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  21. Heroku uses Ruby and was acquired for $200M recently.

    Ruby isn't as popular as Java, but I saw this press release today that "Ruby is the language of Cloud 2". I'm so confused. Which language should I choose again?

    http://www.prnewswire.com/news-releases/salesforcecom-signs-definitive-agreement-to-acquire-heroku-111513604.html

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  22. It's $212 Million. Heroku is one of Captain Recruiters clients! Congrats Heroku!! http://techcrunch.com/2010/12/08/breaking-salesforce-buys-heroku-for-212-million-in-cash/

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  23. If you want warm bodies to fill in seats then this article is perfect advice! Thank you Captain Recruiter for spelling out exactly how not to choose a language or any other piece of your technological infrastructure.

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  24. It's clear to me that you have business sense. However, there are other factors which you aren't taking into account. The ire you've raised amongst my brethren should indicate that you have missed a few points:

    Firstly, the language choice has less to do with programmer adaptability than you'd think. Good programmers pick up languages pretty easily. The skills that are hard to translate have to do with domain knowledge. When I took my current job, I had never used Java professionally. Getting up to speed in the language took about two weeks. It took months to acquire the domain knowledge to be a productive programmer, and that time would have to be spent on any hire outside of astronomy. Optimizing for the two weeks over the several months is a mistake. Also, much like natural language acquisition, I was learning the domain while learning the language.

    Secondly, you misunderstand the programmer's relationship with industry standards. For passionate programmers who entered this field out of a desire to program things they are interested in or use technologies they love, standard choices such as Java are usually not what is loved. Programmers that choose to specialize in industry standard choices often don't have this passion, are more motivated by money, and aren't as good. My organization has been unable to hire qualified developers despite using standard tools (Java, Oracle and Hibernate) largely because programmers that know boring tools like these and boring or difficult domains expect to be paid handsomely.

    It's true that using interesting tools reduces the market of qualified developers, but it also is a form of compensation. I would certainly take a pay hit to program in Haskell every day. Most programmers who use Java for their day job but are passionate about Haskell probably would as well, and this is also likely to be true of other fringe languages. This is a cheap way to get passionate talent. At the end of the day, you don't need a hundred mediocre programmers, you need three or five good ones. And programmers with skill at Haskell or Scala or Erlang have no trouble adding more languages to the list. Your numbers of "PHP programmers" versus "Java programmers" fails to take into account the great deal of overlap. Outside Java, PHP and C#, most programmers know many languages and most of the programmers who know more than one language have Java or C# in their closet in case of emergencies.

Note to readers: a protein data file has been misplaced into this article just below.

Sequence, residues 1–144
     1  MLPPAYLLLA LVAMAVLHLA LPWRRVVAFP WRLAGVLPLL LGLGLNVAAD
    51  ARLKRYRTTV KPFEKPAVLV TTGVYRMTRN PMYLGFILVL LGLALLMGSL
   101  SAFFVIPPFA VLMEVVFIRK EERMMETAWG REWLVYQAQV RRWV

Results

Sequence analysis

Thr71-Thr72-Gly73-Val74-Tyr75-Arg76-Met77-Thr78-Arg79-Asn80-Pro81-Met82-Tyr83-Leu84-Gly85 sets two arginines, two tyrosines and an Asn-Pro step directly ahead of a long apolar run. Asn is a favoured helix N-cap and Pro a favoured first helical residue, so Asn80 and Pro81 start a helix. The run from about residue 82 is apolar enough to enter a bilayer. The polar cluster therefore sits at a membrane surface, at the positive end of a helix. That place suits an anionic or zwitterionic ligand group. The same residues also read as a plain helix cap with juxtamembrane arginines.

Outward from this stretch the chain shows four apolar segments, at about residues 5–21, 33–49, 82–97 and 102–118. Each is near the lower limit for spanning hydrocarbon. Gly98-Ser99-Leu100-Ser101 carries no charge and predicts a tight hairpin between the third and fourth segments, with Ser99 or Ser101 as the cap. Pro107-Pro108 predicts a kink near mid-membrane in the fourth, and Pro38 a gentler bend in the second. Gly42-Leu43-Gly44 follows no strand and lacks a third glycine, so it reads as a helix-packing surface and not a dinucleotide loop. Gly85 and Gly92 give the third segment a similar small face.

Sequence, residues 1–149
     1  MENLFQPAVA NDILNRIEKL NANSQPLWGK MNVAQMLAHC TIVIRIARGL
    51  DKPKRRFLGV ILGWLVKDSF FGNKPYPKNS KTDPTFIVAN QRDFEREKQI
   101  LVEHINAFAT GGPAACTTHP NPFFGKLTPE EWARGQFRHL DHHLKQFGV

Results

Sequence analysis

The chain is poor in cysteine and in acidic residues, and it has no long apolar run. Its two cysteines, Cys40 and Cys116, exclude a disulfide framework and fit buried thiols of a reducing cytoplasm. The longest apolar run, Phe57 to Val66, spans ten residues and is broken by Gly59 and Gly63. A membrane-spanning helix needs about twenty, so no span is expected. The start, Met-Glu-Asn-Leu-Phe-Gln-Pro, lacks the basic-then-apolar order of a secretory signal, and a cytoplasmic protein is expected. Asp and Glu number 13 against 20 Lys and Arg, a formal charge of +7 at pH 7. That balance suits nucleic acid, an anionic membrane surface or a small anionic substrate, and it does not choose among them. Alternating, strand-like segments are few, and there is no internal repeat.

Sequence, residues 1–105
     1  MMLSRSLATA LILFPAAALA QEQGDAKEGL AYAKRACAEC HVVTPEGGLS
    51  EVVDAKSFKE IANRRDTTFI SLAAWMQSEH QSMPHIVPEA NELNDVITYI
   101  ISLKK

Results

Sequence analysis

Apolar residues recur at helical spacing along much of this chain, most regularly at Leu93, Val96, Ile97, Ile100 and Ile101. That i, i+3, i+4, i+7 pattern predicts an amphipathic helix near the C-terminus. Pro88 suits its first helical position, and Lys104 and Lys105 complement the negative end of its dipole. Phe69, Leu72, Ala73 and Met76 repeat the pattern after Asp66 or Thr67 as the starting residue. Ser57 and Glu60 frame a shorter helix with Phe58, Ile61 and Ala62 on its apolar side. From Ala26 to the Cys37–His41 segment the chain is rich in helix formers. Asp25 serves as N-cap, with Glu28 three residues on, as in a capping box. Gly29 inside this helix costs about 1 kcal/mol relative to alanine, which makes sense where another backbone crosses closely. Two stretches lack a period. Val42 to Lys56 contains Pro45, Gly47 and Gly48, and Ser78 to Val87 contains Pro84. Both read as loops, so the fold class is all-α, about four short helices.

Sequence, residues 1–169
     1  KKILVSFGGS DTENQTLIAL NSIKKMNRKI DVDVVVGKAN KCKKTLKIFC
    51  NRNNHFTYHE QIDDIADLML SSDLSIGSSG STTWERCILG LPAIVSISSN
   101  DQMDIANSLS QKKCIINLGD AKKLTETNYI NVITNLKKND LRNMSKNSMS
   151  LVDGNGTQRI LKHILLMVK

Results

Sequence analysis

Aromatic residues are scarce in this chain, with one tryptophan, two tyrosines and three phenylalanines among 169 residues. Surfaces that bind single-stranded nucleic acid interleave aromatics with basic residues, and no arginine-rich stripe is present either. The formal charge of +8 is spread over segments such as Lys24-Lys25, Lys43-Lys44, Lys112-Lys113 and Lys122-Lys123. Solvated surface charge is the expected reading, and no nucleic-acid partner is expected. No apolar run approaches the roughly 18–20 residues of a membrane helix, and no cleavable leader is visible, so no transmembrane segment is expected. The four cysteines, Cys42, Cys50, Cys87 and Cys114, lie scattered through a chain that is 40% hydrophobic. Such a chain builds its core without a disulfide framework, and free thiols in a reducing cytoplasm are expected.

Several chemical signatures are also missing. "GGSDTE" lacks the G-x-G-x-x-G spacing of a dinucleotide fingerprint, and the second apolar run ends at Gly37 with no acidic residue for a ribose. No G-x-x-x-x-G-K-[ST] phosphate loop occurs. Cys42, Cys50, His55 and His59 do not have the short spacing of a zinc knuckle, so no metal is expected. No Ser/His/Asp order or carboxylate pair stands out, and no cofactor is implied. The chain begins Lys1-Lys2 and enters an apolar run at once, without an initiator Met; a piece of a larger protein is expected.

Finally, I think you in general have misunderstood the relationship between programmers and niche knowledge. In other occupations, acquiring specialized knowledge and skills makes you more expensive because that knowledge is hard to acquire and the job is difficult. With programming, however, niche skills are (for the most part) easy to acquire and applying them makes the job more enjoyable to the programmer. Knowing Scala is not like knowing how to weld.

    Recruiting for small niche languages is actually quite easy: most of them have a primary mailing list that accepts job postings. I can assure you that any job opening for Common Lisp will get over four hundred applicants, most of whom will be qualified. I can also assure you that if you hire a programmer for a Lisp job who knows Haskell, they'll do better than a Java programmer who knows neither.

    Your essay is, I'm afraid, merely the repetition of flawed conventional wisdom. I can't expect you to change your opinion, but let me suggest that if you run into organizations that openly contradict what you've put forth here, take a gander at them and see if you don't find something surprising within.

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  25. I'd like to offer a different perspective, because this topic has come up recently in my work as a web content writer.

    Since I work with lots of developers and designers, I use whatever they prefer -- I'm always using English, html, and css, and I don't care what else is in the file. Pointy sticks in the sand would be fine for me. But recently, I've been doing a project with WordPress and one with DotNetNuke.

    When I run into a challenge with architecture or styling in the WP project, it's easy to find a developer who can fix it up quickly, and I can often do it myself. If the guys on the project are busy, I can do a quick google or shoot off an IM to a friend. There's often a plug-in for it, and multiple forum posts discussing the pros and cons of various options. The same is true for PHP and Java.

    With DNN, we have to wait for the one expert we've got. He's on another continent, so there are often time zone issues, too. I don't know anyone who uses DNN, so I can't rely on my usual circle of support with people I swap favors with.

    One of them said, "It's crazy to use a language that doesn't have community support." While it's one thing if your goal is to be cool, as one commenter said above, it seems to me that the existence of a large, supportive community of users is a real advantage.